I am startled at how much I related to this today. The two years leading up to this? Oh man! How I struggled. To let go of money being the thing I put my trust in and my property defining part of my identity. I asked, “What is the value of a life directed towards the pursuit of happiness?” For me I discovered it wasn’t much and it rarely brought me happiness.

No, I think God tells me that a life pursuing a meaningful purpose has the side effect of joy and happiness. Every life is worth the same, but what of the value that every life creates? We exist in a society that often idealizes selfishness, perhaps thinking the key to happiness lies within that trait. And yet the more selfish we become, the fewer friends we have per capita, the more isolated we are, with higher rates of anxiety, depression… Oftentimes we can’t even gain a sense of our own identity anymore.

Yet here I sit in a place with God where, when I talk about where I am it clearly stirs up anxiety in the hearts of some people; it makes me realize how good God is that he brings me here to this place to sit in this struggle and grow with Him. A man called Father Mike posts videos on Ascension and in one of them he talked about the difference between patience and rushing towards the next thing. He used the example of building a shed. They had put a foundation down but it wasn’t level and his answer was to just drill all new holes for the shed but the man leading the project insisted they do it right so they disassembled, leveled the foundation, and easily assembled it so it was built right.  This is how God sometimes operates.

I went down a path for 14 years that excluded God from the equation and God, in His graciousness, has torn so many things down to the foundation so that we could make sure it was built right in my life. Now what He’s building is good and I can trust in His work and lean into a vision even when I don’t understand it. This is the goodness of my God.

 

Seeds of Change

     The fifth chapter of Brian Seaward’s book Stand Like Mountain, Flow like Water, is looking at seeds of change, was very insightful. First examined was the seed of faith, the mustard seed. Faith is something that must be cared for and cultivated. Like the tiny mustard seed, if cared for, it will become durable and rooted but it requires nurturing. “Nelson Mandela… said, ‘Faith is not belief without proof, it’s trust without reservation.’ Many people claim to have faith, but their faith can best be described as hope; wishing rather than knowing.” (pg. 177) I have found that as my faith deepens, it is not that God answers my prayers more or that I have a better idea of what the future holds; it is that more and more I trust where I am being lead and whatever situations I face, I know God is with me and so I am filled with courage.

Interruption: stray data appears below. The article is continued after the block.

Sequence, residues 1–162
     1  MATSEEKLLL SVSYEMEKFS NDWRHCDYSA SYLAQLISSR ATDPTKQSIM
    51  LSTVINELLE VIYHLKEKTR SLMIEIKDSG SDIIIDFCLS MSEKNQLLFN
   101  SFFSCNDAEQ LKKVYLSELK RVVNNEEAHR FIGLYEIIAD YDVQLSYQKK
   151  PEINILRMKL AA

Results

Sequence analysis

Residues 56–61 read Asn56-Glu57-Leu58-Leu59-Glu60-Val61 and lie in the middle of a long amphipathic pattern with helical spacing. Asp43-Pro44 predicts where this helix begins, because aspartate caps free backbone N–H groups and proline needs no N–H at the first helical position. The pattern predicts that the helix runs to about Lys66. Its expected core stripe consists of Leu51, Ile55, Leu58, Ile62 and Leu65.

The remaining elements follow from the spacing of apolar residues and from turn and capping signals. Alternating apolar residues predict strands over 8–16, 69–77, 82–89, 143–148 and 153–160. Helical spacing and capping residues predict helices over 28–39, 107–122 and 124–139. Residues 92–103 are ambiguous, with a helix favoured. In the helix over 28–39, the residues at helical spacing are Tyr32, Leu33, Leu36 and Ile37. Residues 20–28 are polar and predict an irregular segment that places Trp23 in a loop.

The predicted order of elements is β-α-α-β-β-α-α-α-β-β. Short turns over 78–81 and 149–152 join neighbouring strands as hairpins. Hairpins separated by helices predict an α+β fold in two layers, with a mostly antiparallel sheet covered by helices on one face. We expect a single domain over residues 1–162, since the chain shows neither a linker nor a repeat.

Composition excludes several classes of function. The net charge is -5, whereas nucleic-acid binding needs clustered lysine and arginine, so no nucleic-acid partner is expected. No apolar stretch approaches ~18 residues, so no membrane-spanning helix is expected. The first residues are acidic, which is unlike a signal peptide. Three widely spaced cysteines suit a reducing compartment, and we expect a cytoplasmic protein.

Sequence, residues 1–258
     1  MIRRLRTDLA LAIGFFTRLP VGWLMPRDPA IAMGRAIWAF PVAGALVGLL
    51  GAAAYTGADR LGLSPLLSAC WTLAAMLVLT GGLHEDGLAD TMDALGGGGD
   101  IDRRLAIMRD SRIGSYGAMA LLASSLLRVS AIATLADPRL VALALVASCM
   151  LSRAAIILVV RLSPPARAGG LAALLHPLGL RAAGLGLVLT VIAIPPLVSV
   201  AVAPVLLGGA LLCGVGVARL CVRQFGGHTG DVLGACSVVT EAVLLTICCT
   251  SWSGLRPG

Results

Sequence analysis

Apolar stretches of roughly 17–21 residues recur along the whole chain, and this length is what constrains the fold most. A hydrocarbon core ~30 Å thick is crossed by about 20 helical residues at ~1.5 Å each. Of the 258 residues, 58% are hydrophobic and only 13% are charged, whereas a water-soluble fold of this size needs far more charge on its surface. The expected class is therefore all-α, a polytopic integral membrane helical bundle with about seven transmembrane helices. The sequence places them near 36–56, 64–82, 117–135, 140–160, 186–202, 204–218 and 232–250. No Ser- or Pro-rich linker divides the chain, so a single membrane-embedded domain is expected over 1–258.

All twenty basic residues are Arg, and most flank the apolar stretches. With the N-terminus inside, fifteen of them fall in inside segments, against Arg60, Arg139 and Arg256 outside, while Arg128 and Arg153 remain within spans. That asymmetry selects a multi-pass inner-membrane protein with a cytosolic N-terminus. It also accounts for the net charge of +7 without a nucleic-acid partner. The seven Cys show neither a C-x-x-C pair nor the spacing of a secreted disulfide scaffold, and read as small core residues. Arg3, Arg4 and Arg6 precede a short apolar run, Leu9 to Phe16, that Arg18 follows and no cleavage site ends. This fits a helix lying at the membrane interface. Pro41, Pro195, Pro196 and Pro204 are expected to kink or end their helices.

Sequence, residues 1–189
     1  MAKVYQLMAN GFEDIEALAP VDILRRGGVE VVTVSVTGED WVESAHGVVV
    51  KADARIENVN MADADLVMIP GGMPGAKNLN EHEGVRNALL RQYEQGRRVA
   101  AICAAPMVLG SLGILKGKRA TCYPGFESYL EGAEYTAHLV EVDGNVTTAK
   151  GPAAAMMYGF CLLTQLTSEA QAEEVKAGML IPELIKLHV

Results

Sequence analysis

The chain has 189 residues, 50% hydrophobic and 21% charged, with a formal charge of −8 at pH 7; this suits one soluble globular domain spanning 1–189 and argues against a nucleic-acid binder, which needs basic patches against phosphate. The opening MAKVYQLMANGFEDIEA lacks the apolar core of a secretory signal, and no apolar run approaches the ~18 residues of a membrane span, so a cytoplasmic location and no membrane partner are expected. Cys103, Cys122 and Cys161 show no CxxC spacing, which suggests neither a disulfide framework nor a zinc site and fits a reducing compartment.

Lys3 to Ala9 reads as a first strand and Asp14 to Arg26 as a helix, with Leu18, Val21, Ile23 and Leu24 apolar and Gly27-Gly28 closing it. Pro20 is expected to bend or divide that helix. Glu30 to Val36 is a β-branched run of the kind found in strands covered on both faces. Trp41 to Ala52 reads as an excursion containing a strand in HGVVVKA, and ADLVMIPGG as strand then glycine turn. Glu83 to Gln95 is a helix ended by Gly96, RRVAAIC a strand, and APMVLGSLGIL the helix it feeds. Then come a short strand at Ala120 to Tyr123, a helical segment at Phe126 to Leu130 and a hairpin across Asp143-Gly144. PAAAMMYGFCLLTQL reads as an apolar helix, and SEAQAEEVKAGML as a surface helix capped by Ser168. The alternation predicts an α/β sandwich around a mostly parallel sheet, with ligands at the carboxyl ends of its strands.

For the daffodil (personally my favorite flower), the seed of mirth, I took great comfort in this. I find I often balance serious conversation with laughter and it is how I attempt to bring comfort to people at opportune times. I particularly agree with where the cancer victor pointed out that it diffuses anger, dissolves fear, and lightens the heart. (pg. 186) The thing to be sensitive of here is that the humor is not at a cost to someone else; this is completely unnecessary and doesn’t bring healing to people as we see within the story of the people who are fighting for survival. It is best to not joke about people’s health, physical or mental, because you really have no idea what battles they are fighting. Let your words always lift people up. As someone who comes from a household where sarcasm was standard and wit was biting, I have found this habit to be a challenging habit to break at times but I never want make people laugh at another’s expense.

     The seed of compassion (the columbine seed) hit close to home as I was a freshman in high school during the shooting at Columbine; the ripple effect it sent through my high school was less compassion and an increase in threats for shootings and bombs. Fear of death, as this book covers, was not uncommon in school. The perspective of the state’s approach reflected on the license plates, “Respect Life, not only in remembrance, but as an expression of compassion,” (pg. 188) is very reassuring. Compassion isn’t about being thanked, or pity or shame, it is about unconditionally loving others.

     Lastly, the acorn, the seed of willpower, a seed that is soft and only half an inch in diameter and yet if planted produces oak, an tall and exemplary hardwood. Willpower is a muscle that requires consistent exercise. For each of these seeds, they start out tiny and, if properly planted and nurtured, produce something far beyond what one might expect when looking at a tiny seed. As we tie these seeds back to the traits we associate them with, we need to consider the conditions we “plant” these traits within ourselves. Do we feed them with positive or negative thoughts? Are they suffocated by ego or fear-based weeds? Based on our care, how can we expect these traits to grow?